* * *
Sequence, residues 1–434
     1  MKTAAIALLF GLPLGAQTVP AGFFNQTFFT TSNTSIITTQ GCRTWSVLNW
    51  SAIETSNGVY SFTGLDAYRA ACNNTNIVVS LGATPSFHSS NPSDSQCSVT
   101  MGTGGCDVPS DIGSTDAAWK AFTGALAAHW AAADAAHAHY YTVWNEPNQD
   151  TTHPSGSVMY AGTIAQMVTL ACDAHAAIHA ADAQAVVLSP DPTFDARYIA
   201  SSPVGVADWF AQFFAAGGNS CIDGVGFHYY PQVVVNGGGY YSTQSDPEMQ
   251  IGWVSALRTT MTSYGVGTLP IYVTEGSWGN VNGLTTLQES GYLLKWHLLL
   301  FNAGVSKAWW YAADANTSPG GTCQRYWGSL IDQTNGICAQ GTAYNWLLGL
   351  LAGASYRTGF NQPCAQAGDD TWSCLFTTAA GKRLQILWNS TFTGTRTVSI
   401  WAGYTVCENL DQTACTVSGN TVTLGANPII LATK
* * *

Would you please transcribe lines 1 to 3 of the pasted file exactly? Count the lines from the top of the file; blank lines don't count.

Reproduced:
Sequence, residues 1–434
     1  MKTAAIALLF GLPLGAQTVP AGFFNQTFFT TSNTSIITTQ GCRTWSVLNW
    51  SAIETSNGVY SFTGLDAYRA ACNNTNIVVS LGATPSFHSS NPSDSQCSVT